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Are Financial Incentives Driving the Surge in Back Surgeries?
In a world where 10 million people suffer from chronic back pain, it’s no surprise that people seek relief. But if rehabilitation seems to work as well as surgery, why are so many people having spinal fusions? The answer could be a two-decade trend of hospitals paying surgeons bonuses if they exceed a certain number of surgeries.
That’s the question being asked in a special report in the Pittsburgh Post-Gazette, which examined the surge in back surgeries in Pennsylvania, including why a state agency that monitors healthcare is concerned. According to the article, the Pennsylvania Health Care Cost Containment Council is studying “these dramatic increases [in back surgeries], the impact that is has on costs, the impact that it has on lost productivity.” That focus, it says, is amplified by former hospital employees who filed a whistleblower suit and patients who were left disabled by their procedures.
The article also mentions that, “[e]ven as the number of back operations increases, benefits are elusive for many people,” citing a 2011 British Medical Journal study, “which summarized four studies that found rehabilitation worked about as well as surgery for pain and disability.” Still, it says, the number of spinal fusion surgeries keeps rising. “In 2014, 21,393 Pennsylvania adults underwent spinal fusions, up from 12,794 in 2004, according to a state study released in June. The frequency of fusions doubled for residents 65 and older.”
In some parts of Pennsylvania, that number is well above the national average. According to the article, “A 2014 analysis of low-back surgeries from 2001 through 2011 by the Dartmouth Institute for Health & Clinical Practice found that compared to the national average, Pittsburgh-area Medicare beneficiaries were 44 percent more likely to undergo lumbar fusions. (Also above the national average were the Altoona, Danville, Harrisburg, Johnstown, Lancaster and York areas, while Allentown, Erie, Philadelphia, Reading, Sayre, Scranton and Wilkes-Barre were below.)”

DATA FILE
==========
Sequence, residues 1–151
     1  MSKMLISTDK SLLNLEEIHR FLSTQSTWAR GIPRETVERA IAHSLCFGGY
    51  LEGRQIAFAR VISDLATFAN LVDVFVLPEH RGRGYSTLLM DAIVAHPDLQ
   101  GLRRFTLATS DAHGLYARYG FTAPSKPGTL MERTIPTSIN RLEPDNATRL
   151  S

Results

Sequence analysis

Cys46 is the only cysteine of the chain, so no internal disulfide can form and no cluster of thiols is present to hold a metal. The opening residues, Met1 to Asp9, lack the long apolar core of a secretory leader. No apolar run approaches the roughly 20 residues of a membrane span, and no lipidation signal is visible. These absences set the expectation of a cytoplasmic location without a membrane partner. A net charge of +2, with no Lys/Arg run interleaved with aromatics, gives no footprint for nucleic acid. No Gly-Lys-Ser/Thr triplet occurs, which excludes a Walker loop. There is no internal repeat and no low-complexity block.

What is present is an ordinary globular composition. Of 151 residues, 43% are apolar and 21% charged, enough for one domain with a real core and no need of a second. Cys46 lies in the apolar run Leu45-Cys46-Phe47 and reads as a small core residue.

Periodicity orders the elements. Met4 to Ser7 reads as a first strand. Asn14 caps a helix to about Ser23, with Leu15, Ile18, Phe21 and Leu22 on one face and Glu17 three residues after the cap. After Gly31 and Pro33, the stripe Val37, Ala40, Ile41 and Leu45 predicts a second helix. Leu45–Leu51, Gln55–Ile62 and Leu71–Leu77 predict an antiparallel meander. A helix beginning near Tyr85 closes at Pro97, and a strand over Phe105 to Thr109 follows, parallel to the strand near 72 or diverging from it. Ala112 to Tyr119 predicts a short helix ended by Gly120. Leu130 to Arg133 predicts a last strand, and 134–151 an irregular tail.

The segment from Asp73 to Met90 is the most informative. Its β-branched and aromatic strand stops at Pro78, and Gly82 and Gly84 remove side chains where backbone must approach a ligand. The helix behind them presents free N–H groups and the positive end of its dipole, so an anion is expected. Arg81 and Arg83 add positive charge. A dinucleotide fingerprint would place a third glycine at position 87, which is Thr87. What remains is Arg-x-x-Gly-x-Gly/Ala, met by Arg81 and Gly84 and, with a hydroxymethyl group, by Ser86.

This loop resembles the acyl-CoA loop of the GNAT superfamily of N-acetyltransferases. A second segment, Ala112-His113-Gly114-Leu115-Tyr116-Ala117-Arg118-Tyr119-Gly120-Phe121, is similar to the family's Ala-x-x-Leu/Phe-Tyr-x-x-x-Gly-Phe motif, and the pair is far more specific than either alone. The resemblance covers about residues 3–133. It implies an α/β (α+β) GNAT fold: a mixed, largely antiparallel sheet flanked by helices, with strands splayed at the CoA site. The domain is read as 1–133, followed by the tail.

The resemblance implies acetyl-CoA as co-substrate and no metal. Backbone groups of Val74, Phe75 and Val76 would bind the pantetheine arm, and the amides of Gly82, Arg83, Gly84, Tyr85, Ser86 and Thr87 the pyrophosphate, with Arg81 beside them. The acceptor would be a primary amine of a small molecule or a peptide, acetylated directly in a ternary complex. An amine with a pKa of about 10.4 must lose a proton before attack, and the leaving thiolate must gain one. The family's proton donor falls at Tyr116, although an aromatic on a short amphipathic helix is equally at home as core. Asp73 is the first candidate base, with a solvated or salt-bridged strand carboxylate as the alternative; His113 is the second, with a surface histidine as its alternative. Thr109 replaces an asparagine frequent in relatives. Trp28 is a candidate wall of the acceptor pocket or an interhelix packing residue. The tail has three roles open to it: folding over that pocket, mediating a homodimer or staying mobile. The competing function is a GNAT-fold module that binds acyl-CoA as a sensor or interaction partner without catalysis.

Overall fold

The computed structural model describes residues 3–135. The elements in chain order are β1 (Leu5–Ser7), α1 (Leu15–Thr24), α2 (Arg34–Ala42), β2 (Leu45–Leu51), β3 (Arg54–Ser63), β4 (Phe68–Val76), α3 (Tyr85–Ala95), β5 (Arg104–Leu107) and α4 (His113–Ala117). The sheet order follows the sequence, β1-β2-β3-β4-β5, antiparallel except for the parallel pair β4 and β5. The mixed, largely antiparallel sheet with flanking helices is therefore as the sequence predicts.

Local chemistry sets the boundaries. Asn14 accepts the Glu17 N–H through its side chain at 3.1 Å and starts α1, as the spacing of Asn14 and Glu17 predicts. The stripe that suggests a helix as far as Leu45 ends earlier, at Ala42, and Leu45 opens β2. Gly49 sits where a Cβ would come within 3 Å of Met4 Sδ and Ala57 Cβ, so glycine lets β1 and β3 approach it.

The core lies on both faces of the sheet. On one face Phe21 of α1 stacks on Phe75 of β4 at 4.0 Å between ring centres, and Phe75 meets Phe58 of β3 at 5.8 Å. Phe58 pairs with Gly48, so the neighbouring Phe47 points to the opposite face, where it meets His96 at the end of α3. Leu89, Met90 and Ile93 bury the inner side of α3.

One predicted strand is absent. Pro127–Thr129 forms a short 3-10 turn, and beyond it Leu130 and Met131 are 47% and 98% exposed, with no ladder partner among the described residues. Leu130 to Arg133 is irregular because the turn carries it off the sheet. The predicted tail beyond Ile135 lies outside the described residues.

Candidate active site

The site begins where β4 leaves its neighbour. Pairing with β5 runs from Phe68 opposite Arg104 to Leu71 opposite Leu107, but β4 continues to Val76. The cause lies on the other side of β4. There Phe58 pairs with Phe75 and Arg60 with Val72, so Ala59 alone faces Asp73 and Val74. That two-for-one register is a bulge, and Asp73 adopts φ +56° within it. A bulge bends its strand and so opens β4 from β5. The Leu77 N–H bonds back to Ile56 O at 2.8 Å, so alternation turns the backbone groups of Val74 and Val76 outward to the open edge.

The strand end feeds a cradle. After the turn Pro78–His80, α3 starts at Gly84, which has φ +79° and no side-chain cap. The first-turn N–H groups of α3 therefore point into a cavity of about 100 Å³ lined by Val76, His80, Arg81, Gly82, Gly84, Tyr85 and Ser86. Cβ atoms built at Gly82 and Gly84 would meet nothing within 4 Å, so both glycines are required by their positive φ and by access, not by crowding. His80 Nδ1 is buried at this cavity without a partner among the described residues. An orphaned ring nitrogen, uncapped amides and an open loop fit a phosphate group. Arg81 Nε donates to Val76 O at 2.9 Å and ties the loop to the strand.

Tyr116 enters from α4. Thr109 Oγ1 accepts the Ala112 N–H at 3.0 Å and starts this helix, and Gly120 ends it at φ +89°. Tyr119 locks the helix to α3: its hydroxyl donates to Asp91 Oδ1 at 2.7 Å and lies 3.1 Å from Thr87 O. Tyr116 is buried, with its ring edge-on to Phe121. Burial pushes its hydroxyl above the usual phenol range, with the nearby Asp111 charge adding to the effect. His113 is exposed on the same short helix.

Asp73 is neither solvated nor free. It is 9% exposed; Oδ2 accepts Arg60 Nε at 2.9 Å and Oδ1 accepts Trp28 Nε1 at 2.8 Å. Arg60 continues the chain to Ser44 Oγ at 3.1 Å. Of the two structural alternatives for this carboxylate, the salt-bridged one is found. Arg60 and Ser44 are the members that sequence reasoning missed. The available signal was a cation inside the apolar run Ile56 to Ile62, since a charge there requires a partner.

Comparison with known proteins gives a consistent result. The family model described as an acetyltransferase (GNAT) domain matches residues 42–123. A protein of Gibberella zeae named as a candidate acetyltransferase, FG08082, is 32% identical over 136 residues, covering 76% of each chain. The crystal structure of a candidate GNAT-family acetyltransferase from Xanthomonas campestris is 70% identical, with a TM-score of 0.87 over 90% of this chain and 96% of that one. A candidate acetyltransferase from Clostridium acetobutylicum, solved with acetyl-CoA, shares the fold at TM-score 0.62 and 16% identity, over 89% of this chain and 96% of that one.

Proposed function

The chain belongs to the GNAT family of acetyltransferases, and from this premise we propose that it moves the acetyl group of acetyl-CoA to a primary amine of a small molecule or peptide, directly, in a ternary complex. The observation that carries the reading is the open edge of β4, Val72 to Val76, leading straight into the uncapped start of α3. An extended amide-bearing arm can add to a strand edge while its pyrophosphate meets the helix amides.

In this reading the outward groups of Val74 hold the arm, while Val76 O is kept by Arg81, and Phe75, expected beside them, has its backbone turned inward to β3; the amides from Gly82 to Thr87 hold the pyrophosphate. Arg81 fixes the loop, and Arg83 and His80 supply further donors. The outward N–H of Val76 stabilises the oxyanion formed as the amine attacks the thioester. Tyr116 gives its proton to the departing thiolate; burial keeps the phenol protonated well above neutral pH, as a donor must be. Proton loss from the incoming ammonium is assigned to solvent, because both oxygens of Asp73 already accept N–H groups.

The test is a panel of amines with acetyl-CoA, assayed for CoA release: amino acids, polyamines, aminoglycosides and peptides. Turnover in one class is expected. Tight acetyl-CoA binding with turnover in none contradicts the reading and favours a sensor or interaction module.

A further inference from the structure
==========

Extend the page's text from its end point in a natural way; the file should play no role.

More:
A 2012 whistleblower lawsuit filed by former UPMC employees charged that financial incentives are fueling the spinal surgery boom. They alleged that UPMC gave doctors too much money to perform surgery, overbilling the government. The plaintiff cited the False Claims Act, and sued on the government’s behalf. UPMC denied wrongdoing and settled parts of the suit for $2.5 million.
Giving financial incentives to reward productivity is legal. However, health systems are exploring other methods such as paying for outcomes, through bundled payments which cover initial hospitalization through recovery, according to the article. Putting surgeons on salary, rather than an incentive-based plan, also could help.
The article also cited instances of medical malpractice lawsuits associated with failed spinal fusion surgeries, leaving the patients disabled or living with chronic pain.
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